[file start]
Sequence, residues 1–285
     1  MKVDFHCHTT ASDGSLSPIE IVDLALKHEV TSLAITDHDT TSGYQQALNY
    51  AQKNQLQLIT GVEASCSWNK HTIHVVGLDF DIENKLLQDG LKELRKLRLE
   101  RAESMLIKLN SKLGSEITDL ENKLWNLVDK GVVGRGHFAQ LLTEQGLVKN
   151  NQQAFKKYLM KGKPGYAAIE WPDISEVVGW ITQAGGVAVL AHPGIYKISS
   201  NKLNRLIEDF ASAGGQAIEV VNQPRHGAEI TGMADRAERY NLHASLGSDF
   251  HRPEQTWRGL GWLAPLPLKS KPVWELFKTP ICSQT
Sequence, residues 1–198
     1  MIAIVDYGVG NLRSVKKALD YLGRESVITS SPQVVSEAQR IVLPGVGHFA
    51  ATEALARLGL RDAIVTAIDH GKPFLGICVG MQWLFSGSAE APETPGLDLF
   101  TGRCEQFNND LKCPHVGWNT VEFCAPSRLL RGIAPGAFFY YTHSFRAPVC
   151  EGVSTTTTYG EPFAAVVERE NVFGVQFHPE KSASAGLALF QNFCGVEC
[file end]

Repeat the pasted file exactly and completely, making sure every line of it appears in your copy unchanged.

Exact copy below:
Sequence, residues 1–285
     1  MKVDFHCHTT ASDGSLSPIE IVDLALKHEV TSLAITDHDT TSGYQQALNY
    51  AQKNQLQLIT GVEASCSWNK HTIHVVGLDF DIENKLLQDG LKELRKLRLE
   101  RAESMLIKLN SKLGSEITDL ENKLWNLVDK GVVGRGHFAQ LLTEQGLVKN
   151  NQQAFKKYLM KGKPGYAAIE WPDISEVVGW ITQAGGVAVL AHPGIYKISS
   201  NKLNRLIEDF ASAGGQAIEV VNQPRHGAEI TGMADRAERY NLHASLGSDF
   251  HRPEQTWRGL GWLAPLPLKS KPVWELFKTP ICSQT
Sequence, residues 1–198
     1  MIAIVDYGVG NLRSVKKALD YLGRESVITS SPQVVSEAQR IVLPGVGHFA
    51  ATEALARLGL RDAIVTAIDH GKPFLGICVG MQWLFSGSAE APETPGLDLF
   101  TGRCEQFNND LKCPHVGWNT VEFCAPSRLL RGIAPGAFFY YTHSFRAPVC
   151  EGVSTTTTYG EPFAAVVERE NVFGVQFHPE KSASAGLALF QNFCGVEC